If you have never introduced fractions to your child there is an easy way to do so. Simply state that up until now he has been using the number 1 to build up from there and get bigger and bigger numbers. Now he is going to do something different, he is going to take the number 1 and break it into smaller parts. These are called fractions. To write a fraction you write one number over another number. Show an example. The bottom number, called the denominator stands for all of the smaller parts that we broke the whole into. All these parts are the same size. The top number, or the numerator, is how many of those parts we choose.
There is a corresponding worksheet, color the portion of each tooth, that represents the fraction listed next to it. After some short, simple practice your child should be able to identify fractions, as well as the numerator and denominator.
Use the prepared tally chart worksheet to learn more about surveys, counting, tally marks, simple addition, simple subtraction and an introduction to story problems.
likely have to help your child with question #9. You might help him figure out
how many total kids Susie spoke to or how many kids did not get money from the
Use the prepared cards to skip count by 5s with teeth!
Pocket to store cards in.
Language Arts Activities
Open Wide: Tooth School Inside By Laurie Kellar.
As you read, point out times throughout the book when the teeth have human qualities, feelings, actions or characteristics. When you are done, explain that these are examples of personification. Help your child understand that personification is a literary device which gives inanimate objects human traits. Using this as a backdrop, ask your scholar to pretend he is a tooth. Ask questions like “How do you feel after you are brushed?” “What is your favorite food?” “What do you and your tooth friends do for fun?” After a brief “interview” with your child, have him write a letter (as if he were a tooth) to his owner about how and why he and his tooth friends need to be taken care of. This can be just a few sentences, and you may need to dictate the letter, depending on your child’s ability. Use prepared worksheet to circle sentences from the book that use personification.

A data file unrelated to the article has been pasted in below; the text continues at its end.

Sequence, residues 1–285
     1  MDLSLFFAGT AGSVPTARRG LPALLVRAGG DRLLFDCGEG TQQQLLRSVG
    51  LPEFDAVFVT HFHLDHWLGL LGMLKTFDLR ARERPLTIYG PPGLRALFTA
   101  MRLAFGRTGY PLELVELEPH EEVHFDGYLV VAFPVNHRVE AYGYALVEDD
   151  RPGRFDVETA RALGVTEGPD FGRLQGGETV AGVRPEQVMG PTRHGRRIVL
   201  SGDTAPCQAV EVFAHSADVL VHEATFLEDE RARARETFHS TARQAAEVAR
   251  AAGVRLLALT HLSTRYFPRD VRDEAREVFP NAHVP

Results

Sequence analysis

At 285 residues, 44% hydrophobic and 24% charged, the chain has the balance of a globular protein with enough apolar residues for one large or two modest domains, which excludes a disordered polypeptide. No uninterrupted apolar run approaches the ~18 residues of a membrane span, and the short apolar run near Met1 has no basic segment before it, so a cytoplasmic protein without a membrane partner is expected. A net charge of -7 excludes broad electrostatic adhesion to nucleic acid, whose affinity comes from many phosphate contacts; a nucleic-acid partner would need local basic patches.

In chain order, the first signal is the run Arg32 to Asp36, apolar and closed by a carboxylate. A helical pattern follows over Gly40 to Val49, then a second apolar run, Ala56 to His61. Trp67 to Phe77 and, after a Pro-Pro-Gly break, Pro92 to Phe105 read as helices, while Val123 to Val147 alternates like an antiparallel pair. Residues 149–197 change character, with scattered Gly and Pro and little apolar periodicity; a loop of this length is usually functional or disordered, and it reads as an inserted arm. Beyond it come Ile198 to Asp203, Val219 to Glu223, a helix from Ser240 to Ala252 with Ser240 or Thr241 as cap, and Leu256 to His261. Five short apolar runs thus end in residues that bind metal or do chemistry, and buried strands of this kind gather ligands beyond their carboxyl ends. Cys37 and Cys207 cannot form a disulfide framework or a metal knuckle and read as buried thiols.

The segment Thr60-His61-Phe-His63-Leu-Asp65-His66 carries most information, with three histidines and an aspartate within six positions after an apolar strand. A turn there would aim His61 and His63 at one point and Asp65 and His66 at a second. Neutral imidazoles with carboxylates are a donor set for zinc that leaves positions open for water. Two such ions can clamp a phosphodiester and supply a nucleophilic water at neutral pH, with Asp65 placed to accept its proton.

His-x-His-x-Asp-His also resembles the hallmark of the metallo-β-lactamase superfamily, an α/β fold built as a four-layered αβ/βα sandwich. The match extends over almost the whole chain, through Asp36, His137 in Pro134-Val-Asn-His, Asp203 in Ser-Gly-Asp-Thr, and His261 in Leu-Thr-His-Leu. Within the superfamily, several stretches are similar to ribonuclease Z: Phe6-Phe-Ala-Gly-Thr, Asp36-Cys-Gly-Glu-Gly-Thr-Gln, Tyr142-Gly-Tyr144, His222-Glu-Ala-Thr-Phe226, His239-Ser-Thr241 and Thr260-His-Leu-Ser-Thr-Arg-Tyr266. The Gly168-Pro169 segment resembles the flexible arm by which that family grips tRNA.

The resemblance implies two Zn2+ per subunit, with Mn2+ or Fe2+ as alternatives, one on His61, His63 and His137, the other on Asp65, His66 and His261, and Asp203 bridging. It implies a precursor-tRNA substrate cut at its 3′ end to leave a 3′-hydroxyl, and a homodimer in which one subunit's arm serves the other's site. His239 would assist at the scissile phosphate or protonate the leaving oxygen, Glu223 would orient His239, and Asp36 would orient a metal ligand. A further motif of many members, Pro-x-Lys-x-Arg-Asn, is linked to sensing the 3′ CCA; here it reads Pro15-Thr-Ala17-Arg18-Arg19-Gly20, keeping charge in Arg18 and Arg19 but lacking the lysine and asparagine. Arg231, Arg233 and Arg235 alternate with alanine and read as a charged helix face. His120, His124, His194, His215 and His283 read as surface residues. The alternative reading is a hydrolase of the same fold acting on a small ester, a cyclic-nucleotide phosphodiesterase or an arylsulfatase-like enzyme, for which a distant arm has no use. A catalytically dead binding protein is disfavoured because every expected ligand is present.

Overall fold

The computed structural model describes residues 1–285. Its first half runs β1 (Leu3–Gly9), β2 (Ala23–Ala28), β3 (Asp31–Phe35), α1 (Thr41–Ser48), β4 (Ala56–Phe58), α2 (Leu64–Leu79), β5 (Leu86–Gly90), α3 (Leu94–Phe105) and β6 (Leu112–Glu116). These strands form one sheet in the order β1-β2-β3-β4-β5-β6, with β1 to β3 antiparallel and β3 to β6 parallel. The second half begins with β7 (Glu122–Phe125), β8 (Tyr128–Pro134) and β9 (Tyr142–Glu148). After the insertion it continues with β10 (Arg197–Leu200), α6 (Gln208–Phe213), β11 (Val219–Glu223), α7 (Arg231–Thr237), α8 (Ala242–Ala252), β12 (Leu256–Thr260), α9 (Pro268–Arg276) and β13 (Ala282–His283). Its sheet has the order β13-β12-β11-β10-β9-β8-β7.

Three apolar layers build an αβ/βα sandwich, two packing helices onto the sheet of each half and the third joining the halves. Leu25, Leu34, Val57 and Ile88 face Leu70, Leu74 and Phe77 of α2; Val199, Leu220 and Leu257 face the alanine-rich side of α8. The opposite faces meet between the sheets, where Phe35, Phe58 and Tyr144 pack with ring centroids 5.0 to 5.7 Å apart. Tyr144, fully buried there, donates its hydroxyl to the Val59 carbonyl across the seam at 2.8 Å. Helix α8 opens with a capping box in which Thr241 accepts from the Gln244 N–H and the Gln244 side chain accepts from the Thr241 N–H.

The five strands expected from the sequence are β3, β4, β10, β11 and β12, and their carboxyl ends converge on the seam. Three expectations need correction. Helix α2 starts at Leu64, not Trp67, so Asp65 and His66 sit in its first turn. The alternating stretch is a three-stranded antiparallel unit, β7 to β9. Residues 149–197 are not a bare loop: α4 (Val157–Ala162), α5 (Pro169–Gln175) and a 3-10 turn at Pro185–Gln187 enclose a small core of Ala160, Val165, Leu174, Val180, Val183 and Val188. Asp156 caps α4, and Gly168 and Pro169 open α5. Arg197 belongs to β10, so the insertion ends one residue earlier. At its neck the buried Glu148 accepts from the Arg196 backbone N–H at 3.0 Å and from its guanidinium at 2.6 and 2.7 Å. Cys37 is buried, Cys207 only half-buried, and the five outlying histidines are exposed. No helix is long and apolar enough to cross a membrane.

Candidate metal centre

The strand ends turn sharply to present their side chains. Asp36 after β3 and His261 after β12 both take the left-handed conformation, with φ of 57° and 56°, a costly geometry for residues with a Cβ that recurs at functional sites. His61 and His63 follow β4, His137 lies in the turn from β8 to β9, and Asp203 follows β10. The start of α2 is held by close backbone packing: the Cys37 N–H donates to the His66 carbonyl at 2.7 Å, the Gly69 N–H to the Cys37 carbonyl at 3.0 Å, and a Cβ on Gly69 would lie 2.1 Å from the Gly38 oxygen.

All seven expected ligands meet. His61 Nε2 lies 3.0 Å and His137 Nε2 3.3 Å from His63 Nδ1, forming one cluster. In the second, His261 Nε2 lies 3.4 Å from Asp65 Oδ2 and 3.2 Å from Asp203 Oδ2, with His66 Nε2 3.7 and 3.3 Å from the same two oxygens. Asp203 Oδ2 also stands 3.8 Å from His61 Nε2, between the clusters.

Make a mini-book of words that rhyme with plaque.
Phonics- Long /u/ sound
What you need: pencil and writing paper, a way to keep time
Set a timer, or countdown with the clock, and see how many words you and your child can come up with that rhyme with tooth in 10 seconds, or 20 seconds, you determine the timeframe. Using the list as a starting point, review different ways to make the /oo/ sound, and words containing those combinations.
/oo/-goose, moose, loose, school, boo, moo, boot, moon, spoon, cartoon
/ew/—stew, drew, chew, blew, crew, flew, new
/ue/—true, blue, clue, glue, rue, Sue
silent e—prune, flute, chute, June, tune
other instances—flu, two, shoe, fruit, tuba
(This list of words is from a cute phonics song on YouTube)
Here is a sentence containing many of the letter combinations for long u, have your child copy this sentence and then make up his own sentence using as many of the long /u/ combinations that he can think of.
It is true, Stew the goose chewed two fruits in June!
(This can be a hard lesson to learn, chances are that your child will recognize the pronunciation and read it correctly in context even if he can’t identify it simply by hearing the difference.)
There are two ways to say “th.”
The soft sound as in—thin, thick, thank, thunder, thistle, think.
Have your scholar practice making this sound by breathing out and lifting his tongue to the top teeth.
The hard sound as in—this, that, them, those, the, then, they.
The easiest way to learn the difference between these two pronunciations is to practice them together and listen carefully to the differences. Sometimes it is helpful to recognize HOW the sound is being made, is he blowing out air as he lifts his tongue, if so it is a soft “th”.